Sky’s the limit as private pilot courses take off in Saudi Arabia

Some academies also offer training for the sport plane license, allowing you to fly a small sports aircraft with a maximum total payload of 600 kg including pilot and passenger. (Supplied)
Some academies also offer training for the sport plane license, allowing you to fly a small sports aircraft with a maximum total payload of 600 kg including pilot and passenger. (Supplied)
Short Url
Updated 18 September 2022

Sky’s the limit as private pilot courses take off in Saudi Arabia

Sky’s the limit as private pilot courses take off in Saudi Arabia
  • The proliferation of private aviation academies in the Kingdom has opened the way to obtain a license and fly for recreation

RIYADH: The phrase “private aviation” conjures up images of billionaires in Lear jets hopping between Monte Carlo and the Bahamas — but entry into this world is surprisingly affordable and accessible, particularly in Saudi Arabia.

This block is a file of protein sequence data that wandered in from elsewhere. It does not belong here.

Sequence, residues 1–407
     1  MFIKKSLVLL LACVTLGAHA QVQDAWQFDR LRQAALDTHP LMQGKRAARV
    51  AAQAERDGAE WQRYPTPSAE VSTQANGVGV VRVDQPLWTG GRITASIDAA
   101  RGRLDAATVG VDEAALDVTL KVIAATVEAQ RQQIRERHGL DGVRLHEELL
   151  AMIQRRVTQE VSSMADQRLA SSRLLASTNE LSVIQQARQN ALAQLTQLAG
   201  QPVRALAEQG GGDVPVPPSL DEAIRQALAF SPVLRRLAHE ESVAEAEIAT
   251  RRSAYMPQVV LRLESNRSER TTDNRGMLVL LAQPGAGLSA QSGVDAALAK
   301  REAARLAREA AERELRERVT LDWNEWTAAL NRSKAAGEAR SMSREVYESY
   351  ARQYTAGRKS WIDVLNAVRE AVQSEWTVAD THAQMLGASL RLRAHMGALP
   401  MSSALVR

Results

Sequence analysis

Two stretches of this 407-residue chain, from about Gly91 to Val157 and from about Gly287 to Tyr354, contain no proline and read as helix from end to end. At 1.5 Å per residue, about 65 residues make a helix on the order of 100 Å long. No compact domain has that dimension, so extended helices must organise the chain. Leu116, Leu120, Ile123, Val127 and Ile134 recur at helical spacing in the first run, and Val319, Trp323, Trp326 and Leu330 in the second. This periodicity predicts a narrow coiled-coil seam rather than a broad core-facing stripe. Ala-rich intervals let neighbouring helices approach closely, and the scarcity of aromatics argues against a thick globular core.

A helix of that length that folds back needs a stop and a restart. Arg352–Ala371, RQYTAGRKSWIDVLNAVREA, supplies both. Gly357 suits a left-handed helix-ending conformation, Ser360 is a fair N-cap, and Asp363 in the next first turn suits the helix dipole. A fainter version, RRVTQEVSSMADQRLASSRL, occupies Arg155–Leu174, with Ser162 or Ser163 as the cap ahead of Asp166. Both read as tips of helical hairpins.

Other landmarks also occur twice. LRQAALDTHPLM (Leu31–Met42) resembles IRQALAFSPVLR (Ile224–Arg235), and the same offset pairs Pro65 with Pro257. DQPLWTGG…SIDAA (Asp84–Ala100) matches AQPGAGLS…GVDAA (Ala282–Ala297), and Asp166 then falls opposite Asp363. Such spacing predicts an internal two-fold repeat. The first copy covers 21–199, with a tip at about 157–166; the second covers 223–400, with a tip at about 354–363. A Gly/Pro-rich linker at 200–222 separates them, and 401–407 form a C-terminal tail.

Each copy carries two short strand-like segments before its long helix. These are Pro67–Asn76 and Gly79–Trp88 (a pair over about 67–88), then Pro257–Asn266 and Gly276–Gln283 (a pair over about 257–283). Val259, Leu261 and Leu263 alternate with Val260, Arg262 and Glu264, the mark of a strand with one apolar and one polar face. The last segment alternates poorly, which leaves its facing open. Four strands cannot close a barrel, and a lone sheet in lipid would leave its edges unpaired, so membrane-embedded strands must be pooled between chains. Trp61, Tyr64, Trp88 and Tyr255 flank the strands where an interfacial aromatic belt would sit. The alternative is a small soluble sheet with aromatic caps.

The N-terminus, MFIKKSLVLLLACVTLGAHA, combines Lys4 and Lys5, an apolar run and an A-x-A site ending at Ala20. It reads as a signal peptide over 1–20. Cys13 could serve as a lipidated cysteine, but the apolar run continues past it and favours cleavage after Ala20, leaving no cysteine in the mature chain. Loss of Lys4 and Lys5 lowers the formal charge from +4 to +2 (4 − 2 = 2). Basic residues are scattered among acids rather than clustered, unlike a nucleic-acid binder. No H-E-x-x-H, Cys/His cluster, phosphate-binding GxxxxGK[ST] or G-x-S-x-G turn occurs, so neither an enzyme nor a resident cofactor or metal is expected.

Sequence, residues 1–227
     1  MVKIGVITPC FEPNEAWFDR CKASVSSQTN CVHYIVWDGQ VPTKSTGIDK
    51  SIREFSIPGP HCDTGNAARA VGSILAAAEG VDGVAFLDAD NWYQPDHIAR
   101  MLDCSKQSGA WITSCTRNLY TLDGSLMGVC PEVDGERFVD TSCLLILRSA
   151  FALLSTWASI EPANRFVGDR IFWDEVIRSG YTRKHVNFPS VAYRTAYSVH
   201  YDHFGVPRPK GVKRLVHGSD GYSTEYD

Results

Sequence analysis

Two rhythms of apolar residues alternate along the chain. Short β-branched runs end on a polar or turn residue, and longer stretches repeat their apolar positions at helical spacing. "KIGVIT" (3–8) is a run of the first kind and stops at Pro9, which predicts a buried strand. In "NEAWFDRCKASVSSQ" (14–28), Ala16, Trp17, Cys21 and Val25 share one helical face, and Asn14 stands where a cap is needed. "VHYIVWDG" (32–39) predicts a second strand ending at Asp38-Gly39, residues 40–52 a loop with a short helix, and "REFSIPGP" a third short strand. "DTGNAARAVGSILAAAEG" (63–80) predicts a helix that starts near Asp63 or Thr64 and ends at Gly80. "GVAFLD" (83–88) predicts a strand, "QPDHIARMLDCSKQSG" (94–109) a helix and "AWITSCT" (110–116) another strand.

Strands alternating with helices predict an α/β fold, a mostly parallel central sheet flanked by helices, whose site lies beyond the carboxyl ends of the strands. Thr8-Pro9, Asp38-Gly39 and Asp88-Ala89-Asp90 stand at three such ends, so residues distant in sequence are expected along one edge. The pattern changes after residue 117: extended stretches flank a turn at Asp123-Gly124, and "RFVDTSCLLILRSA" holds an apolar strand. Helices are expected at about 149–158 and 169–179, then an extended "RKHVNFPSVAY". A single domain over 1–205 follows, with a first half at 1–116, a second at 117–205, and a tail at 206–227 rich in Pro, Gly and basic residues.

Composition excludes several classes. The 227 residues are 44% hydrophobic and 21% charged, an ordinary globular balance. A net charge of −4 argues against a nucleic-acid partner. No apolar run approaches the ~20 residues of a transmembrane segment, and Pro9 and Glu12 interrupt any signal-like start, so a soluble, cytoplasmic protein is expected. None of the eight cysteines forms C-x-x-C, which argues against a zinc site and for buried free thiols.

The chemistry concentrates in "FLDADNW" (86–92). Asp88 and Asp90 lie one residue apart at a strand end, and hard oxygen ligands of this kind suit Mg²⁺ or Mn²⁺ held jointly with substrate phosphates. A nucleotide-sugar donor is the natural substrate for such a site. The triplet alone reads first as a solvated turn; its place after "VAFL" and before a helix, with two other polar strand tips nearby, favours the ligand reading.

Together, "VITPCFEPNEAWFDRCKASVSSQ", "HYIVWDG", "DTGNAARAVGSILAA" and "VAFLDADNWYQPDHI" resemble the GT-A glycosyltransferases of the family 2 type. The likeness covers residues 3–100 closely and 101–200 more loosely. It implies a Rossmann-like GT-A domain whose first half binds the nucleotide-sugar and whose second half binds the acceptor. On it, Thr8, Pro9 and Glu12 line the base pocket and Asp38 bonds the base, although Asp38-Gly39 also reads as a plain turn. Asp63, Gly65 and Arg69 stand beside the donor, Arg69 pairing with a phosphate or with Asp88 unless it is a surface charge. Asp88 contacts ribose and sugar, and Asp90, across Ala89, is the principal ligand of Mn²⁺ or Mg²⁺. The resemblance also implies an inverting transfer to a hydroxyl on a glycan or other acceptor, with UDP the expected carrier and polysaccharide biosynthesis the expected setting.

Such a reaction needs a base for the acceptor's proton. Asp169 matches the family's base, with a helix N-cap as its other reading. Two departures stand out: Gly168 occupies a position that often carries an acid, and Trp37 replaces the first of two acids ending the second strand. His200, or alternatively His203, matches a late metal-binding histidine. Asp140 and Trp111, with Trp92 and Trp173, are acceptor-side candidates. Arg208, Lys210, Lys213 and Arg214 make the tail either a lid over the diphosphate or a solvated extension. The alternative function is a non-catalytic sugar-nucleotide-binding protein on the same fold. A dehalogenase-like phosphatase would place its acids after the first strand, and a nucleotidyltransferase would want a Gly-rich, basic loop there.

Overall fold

The proliferation of private aviation academies in the Kingdom has opened the way for ordinary men and women to obtain a private pilot license (PPL) in a matter of a few months — allowing you to fly for sport and recreation with a couple of passengers, but not for commercial gain.

Capt. Abubakar Mohamed, the chief ground instructor at Rabigh Wings Aviation Academy located just north of Jeddah, explained the procedure.

“You need to be at minimum 17 years old, preferably with a high school diploma, and the first requirement is an English placement test, whereby you need to achieve at least four out of six levels.

“You need a criminal record check along with a medical test and a drugs test, which are conducted at certain specified clinics authorized by GACA.

“Once all that is OK, you’re registered on the private pilot course, entailing 60 hours of ground training — which is the theory aspect.”

HIGHLIGHT

The entire process of obtaining a private pilot licence takes three to four months, with a total cost of about SR60,000 ($16,000) including exam fees.